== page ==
social media

Social and Anti-Social

© Can Stock Photo / deandrobot

The 21st century forms of communication include social media. These venues, like Facebook and Twitter, feature the opportunity for interaction. Comments or replies, likes or favorites, those are the things that put “social” into social media.

Together with our blog site at 228Main.com and the weekly email newsletter, digital communications helped us stay connected with you when life was challenging. I’ll ever be grateful for being in the right place at the right time to use these methods to stay connected.

Social media can be a source of news and information and perspective. Experts in many fields are on Twitter and LinkedIn and Facebook. These are sources we did not have in the olden days.

But there is a dark side to social media. Some use their participation to send negative messages or say hurtful things, or promote stuff that just isn’t worthy of your attention. We’ve heard some say “Twitter is a cesspool” or “There is so much garbage on Facebook.”

The slang term for a person who posts objectionable viewpoints as comments on another’s post is “troll.” It may just be part of human nature, not a unique feature of social media. At the café, barbershop or salon there is also a mix of people with a mix of opinions and varying ways of expressing them.

But objectionable people and posts can be blocked or hidden on social media. Life is too short to pay attention to trolls. Blocking and muting are valuable skills you can use to keep your social media from being a ‘cesspool’ or full of garbage.

Nobody needs to be on social media to get our viewpoints, not with 228Main.com out there and the weekly email newsletter. But if you are on it, you are welcome to connect or follow. There are social media links on the home page of 228Main.com.

Clients, if you would like to talk about this or anything else, please email us or call.

Warm and Fuzzy Productivity

© Can Stock Photo / arosoft

The last fifty years in business have seen the transformation from pencil and ledger to spreadsheet, the secretarial pool typing letters to email, research in the library replaced by internet services. Every process can be done exponentially better, faster, and cheaper than half a century ago.

With the incredible increase in productivity over this period, it is a wonder some believe that more increases in office productivity will fix the central issues we face. In our business, as in every business, cost pressures continually push us to do more with less.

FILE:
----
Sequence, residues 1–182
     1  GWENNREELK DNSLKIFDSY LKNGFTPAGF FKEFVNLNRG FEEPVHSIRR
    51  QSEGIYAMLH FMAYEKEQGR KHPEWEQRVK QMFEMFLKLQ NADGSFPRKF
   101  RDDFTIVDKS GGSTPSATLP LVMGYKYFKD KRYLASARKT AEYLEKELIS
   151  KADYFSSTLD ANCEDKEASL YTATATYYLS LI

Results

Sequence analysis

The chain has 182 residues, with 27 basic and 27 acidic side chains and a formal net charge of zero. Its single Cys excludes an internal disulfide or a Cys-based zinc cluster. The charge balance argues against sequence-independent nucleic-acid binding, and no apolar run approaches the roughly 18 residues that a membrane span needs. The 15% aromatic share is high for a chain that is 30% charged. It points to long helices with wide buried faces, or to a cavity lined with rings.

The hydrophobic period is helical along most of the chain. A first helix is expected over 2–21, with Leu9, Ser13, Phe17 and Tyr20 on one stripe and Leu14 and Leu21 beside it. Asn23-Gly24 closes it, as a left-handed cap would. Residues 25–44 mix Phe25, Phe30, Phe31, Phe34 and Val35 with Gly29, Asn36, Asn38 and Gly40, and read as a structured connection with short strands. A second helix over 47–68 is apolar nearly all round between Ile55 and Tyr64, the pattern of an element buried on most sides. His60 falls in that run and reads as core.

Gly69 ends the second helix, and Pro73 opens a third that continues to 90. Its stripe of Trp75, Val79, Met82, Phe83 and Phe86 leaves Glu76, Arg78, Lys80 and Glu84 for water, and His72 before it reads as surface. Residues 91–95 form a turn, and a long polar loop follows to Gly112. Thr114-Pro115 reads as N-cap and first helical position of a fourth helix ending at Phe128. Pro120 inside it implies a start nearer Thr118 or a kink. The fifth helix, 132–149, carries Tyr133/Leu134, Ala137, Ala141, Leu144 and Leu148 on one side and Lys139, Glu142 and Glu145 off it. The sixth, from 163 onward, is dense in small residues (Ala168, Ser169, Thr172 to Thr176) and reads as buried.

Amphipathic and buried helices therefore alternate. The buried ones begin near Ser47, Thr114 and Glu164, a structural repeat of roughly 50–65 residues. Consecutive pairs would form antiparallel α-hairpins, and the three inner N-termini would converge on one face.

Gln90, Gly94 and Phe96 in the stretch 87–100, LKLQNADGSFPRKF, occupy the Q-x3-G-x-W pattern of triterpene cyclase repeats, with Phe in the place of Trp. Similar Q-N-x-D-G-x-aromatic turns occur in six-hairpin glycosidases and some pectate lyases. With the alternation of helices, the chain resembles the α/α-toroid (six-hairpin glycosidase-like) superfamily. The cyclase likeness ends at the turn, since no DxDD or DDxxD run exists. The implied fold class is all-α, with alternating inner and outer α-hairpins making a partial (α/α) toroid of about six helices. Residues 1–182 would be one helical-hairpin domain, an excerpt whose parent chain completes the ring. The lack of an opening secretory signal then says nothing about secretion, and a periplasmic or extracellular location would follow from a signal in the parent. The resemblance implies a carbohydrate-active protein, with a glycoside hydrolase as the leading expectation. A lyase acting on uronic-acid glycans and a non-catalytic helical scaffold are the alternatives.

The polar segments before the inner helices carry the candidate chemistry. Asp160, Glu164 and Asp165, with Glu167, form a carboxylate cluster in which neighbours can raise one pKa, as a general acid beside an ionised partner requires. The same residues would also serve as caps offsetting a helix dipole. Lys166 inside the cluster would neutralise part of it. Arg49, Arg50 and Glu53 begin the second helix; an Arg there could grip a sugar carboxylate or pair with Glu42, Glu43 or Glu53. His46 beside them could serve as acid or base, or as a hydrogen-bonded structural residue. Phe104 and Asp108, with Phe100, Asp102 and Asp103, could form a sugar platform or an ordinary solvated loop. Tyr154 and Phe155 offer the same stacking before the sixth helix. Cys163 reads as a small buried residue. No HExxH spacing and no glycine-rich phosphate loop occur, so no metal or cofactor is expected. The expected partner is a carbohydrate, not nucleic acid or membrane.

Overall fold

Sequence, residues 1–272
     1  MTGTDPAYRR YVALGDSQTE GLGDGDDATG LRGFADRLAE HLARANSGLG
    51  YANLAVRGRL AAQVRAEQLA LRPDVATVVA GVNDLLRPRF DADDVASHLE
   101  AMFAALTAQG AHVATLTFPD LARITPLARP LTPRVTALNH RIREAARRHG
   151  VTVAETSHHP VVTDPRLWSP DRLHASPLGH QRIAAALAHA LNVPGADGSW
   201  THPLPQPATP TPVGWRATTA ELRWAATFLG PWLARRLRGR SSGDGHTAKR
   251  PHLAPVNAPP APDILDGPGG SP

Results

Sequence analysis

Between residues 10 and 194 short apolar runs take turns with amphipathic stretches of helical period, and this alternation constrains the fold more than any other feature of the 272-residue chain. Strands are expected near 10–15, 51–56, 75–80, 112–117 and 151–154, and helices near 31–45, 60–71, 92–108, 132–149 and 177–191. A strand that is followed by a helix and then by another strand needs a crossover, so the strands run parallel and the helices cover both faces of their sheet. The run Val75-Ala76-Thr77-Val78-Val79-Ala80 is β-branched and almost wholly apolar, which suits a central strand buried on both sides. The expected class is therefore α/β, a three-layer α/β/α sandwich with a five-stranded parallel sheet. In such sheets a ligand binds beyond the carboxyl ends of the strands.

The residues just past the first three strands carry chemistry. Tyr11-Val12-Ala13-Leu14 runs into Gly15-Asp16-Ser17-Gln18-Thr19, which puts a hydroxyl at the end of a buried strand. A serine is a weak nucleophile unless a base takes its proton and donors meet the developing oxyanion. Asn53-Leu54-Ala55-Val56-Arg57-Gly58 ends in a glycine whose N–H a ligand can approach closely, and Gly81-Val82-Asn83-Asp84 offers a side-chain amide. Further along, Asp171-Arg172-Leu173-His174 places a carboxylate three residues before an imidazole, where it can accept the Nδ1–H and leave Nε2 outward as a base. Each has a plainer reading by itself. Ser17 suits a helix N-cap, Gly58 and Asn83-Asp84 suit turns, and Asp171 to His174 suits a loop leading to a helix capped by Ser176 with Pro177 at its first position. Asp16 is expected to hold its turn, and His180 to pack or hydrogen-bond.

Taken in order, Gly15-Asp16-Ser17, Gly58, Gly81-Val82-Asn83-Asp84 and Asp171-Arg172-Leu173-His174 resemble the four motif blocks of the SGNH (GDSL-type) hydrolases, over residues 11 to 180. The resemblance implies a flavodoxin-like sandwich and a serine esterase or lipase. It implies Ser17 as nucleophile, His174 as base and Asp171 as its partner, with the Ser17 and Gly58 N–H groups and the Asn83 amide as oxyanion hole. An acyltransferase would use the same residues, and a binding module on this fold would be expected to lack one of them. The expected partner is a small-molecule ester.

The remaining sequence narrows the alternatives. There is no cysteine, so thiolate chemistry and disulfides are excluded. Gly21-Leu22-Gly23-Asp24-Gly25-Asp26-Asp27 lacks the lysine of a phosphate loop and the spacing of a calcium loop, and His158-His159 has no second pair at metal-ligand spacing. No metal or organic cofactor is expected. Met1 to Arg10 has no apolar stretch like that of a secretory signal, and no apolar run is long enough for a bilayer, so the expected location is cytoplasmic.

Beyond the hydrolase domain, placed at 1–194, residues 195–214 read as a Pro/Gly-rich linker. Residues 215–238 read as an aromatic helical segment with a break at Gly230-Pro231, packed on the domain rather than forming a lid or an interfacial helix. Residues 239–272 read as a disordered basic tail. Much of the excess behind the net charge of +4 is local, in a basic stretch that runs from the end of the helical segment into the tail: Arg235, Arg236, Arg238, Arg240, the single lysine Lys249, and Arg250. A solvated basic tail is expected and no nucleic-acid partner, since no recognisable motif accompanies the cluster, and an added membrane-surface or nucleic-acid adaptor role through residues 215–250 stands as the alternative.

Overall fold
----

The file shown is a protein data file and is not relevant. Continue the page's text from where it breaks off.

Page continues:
It is the conceit of every industry that margin pressure is something that uniquely affects it. In fact, the whole history of human enterprise can be summed up in two words: shrinking margins. The first supermarkets had lower margins than the butcher, the baker and the dairy they replaced. The Sears catalogue had lower margins than the general store. Charles Schwab had lower margins than E.F. Hutton.

The way we see our work, honesty and competence are the entry requirements to the business arena. Beyond that, the productivity issues do not center around software and systems, but people and connections:

1. Do we have the empathy to put ourselves in your shoes and understand your heartfelt objectives, to learn what you can tell us about your needs and situation?

2. Do we have the creativity to collaborate with you on strategies and tactics that may get you closer to where you want to go, in light of all factors: market, economic, tax, everything?

3. Do we have the ability to communicate what you need to know in order to work effectively toward your goals?

‘Relationship’ is the word that sums up these points. Relationships are at the heart of whatever past success we’ve had with you, and whatever exciting future we may build. You, the best clients in the world, play a starring role.

In this view, the key technologies are not how fast some back-office process gets done nor the colors in the pie chart nor pages of dense calculations of statistical history. The key technologies are those things that enable you and us to communicate. When we get basic information to all of you at once, our one-on-one talks can start at a higher level and go farther.

Blog posts at 228Main.com, social media, videos, and our email newsletter are the ways we talk to everybody at once. (None of these existed fifty years ago!) Emails, phone calls, and meetings let us go one-on-one to work on your issues. We have worked diligently to master the technology that most matters to our mutual success: communications.

Clients, if you would like to talk about this or anything else, please email us or call.